INS, intranasal sufentanil; IVM, intravenous morphine.

https://doi.org/10.1371/journal.pmed.1002849.g001

Primary endpoint (non-inferiority)

The mean difference between NRS at first administration and NRS at 30 minutes was −4.1 (97.5% CI −4.6 to −3.6) in the IVM group and −5.2 (97.5% CI −5.7 to −4.6) in the INS group (per protocol analysis). Non-inferiority was met (p < 0.001), as the lower 97.5% confidence interval of 0.29 was greater than the prespecified non-inferiority margin of −1.3 (mean difference in NRS variation between groups 1.11, 97.5% CI 0.29 to 1.93).

In the intention to treat analysis, the mean NRS difference between first administration and at 30 minutes was −4.4 (97.5% CI −4.9 to −3.8) in the IVM group and −5.1 (97.5% CI −5.7 to −4.5) in the INS group. Non-inferiority was met (p < 0.001), as the lower 97.5% confidence interval of −0.05 was greater than the prespecified non-inferiority margin of −1.3 (mean difference of NRS variation between groups 0.74, 97.5% CI −0.05 to 1.54).

After adjusting for center (hospital) and the baseline level of pain, the difference in NRS reduction between groups was 0.87 (97.5% CI 0.19 to 1.54, p = 0.012).

Secondary endpoints

Superiority.

In superiority analysis, INS was superior to IVM for NRS pain reduction at 30 minutes in the intention to treat population (p = 0.034 for superiority), with a clinically nonsignificant difference in mean NRS between groups of 0.7. A significant decrease in NRS was observed after 10 minutes within both groups (mean difference −2.7, 95% CI −3.1 to −2.2, p < 0.001, for the IVM group and −2.1, 95% CI −2.5 to −1.7, p < 0.001, for the INS group, intention to treat), as well as after 20 minutes (mean difference −3.8, 95% CI −4.2 to −3.3, p < 0.001, for the IVM group and −4.0, 95% CI −4.5 to −3.5, p < 0.001, for the INS group, intention to treat). In a between-group comparison, no differences were found in NRS reduction at 10 and 20 minutes. Variations in NRS with time in each group are presented in Fig 2. In a subgroup analysis, self-assessed pain (NRS) was 3 or lower at 30 minutes for 34 (49.3%) patients in the IVM group and for 48 (71.6%) in the INS group (absolute difference = 22.3%, relative difference = 45.2%, p = 0.01; Fig 3). Sixteen patients in each group (23.2% in the IVM group and 23.9% in the INS group) received rescue pain medication by the physician in charge after unblinding.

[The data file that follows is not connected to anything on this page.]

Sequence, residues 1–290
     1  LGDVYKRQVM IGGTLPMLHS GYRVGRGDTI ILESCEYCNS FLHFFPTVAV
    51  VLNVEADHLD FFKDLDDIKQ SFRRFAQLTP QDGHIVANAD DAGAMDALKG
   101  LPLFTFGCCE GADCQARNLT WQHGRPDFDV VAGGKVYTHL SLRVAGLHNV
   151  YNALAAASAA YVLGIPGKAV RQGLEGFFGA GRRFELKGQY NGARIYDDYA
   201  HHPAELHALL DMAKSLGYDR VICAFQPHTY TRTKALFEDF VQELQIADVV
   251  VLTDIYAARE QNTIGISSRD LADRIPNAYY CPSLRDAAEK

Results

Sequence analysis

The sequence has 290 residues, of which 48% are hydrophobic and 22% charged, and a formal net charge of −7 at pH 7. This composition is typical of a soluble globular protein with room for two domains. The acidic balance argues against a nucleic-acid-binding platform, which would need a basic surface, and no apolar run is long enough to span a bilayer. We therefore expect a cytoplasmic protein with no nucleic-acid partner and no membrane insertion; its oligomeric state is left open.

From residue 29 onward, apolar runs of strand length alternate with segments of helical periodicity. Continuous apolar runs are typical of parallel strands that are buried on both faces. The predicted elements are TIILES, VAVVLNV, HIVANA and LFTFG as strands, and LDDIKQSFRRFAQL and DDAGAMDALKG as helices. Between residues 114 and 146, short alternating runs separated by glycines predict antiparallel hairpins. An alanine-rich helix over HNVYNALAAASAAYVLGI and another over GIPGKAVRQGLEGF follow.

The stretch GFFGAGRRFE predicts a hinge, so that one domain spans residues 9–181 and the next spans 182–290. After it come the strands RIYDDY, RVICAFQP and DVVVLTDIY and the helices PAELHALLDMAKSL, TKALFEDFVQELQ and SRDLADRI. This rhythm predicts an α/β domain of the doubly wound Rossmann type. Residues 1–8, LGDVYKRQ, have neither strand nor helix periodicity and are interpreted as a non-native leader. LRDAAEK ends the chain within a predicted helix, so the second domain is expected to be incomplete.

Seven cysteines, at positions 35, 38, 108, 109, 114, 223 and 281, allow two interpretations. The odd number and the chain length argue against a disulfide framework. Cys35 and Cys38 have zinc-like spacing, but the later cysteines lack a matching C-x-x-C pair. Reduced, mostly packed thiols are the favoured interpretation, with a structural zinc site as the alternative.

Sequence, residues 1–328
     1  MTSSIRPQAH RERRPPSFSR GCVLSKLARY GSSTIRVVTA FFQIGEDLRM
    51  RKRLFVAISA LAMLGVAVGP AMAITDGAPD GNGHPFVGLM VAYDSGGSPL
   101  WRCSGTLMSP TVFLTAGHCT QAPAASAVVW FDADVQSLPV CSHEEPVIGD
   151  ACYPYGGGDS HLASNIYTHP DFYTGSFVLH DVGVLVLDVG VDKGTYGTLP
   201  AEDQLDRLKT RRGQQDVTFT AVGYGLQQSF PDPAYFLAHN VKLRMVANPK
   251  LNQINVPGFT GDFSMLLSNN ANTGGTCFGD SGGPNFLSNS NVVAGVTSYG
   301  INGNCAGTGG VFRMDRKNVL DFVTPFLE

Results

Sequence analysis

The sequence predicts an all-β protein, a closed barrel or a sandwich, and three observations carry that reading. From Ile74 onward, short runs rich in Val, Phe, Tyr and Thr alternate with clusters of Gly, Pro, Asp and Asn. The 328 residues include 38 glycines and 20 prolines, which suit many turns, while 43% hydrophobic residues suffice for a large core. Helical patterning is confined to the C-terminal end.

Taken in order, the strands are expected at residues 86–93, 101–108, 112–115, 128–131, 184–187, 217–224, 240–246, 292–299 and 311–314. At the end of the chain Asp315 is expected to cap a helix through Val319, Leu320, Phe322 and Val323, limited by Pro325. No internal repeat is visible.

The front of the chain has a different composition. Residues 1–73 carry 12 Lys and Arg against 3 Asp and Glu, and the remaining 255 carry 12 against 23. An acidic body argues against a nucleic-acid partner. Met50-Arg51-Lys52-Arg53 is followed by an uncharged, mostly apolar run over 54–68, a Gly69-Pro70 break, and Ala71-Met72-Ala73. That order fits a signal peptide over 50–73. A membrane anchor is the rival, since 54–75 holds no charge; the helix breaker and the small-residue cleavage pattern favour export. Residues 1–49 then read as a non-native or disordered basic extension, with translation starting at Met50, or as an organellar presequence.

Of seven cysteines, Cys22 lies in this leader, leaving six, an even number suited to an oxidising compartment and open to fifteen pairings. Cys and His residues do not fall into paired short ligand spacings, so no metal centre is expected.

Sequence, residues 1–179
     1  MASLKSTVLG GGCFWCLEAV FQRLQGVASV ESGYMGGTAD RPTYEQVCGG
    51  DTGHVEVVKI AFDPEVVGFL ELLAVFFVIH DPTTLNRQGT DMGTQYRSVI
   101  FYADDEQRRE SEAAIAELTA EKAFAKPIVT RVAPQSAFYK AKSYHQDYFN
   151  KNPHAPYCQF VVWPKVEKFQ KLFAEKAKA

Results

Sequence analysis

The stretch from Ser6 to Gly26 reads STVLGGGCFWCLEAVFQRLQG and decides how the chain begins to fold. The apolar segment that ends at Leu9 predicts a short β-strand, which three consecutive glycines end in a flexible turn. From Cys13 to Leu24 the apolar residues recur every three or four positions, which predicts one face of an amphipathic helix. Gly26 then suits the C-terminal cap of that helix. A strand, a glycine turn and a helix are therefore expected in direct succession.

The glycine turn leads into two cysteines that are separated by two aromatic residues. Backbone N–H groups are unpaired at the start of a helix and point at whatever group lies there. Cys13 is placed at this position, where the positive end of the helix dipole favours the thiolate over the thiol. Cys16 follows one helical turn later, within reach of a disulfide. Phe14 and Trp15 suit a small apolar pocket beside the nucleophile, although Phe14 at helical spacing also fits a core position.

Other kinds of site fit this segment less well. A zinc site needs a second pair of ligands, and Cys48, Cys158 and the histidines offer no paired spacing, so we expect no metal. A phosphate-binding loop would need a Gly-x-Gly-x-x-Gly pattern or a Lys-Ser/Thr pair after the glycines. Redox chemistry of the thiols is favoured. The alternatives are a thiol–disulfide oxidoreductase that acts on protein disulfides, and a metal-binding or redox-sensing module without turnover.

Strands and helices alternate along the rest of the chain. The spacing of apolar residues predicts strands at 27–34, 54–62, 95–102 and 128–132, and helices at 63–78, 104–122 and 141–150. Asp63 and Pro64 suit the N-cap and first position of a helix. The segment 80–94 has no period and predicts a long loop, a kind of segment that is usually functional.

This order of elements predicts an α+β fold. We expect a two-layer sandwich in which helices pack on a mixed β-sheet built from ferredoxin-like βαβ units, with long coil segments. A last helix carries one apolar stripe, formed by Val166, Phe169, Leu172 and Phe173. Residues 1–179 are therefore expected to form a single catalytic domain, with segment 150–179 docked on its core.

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Fig 2. NRS at the different time points by group.

The box extends from the 25th to the 75th percentile, and the whiskers are drawn down to the 5th percentile and up to the 95th. Points below and above the whiskers are drawn as individual points. No significant differences were observed in NRS values between groups at the 10-minute and 20-minute time points. IN sufentanil was non-inferior and superior to IV morphine in NRS reduction from drug administration to 30 minutes (NRST30 − NRST0). IN, intranasal; IV, intravenous; NRS, numerical pain rating scale.

https://doi.org/10.1371/journal.pmed.1002849.g002

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Fig 3. Patients with NRS ≤ 3 at the different time points by group.

*Declared NRS was 3 or less at 30 minutes for 49.3% of patients in the IV morphine group and 71.6% in the IN sufentanil group (p = 0.01). IN, intranasal; IV, intravenous; NRS, numerical pain rating scale.

https://doi.org/10.1371/journal.pmed.1002849.g003

Adverse events and patient satisfaction.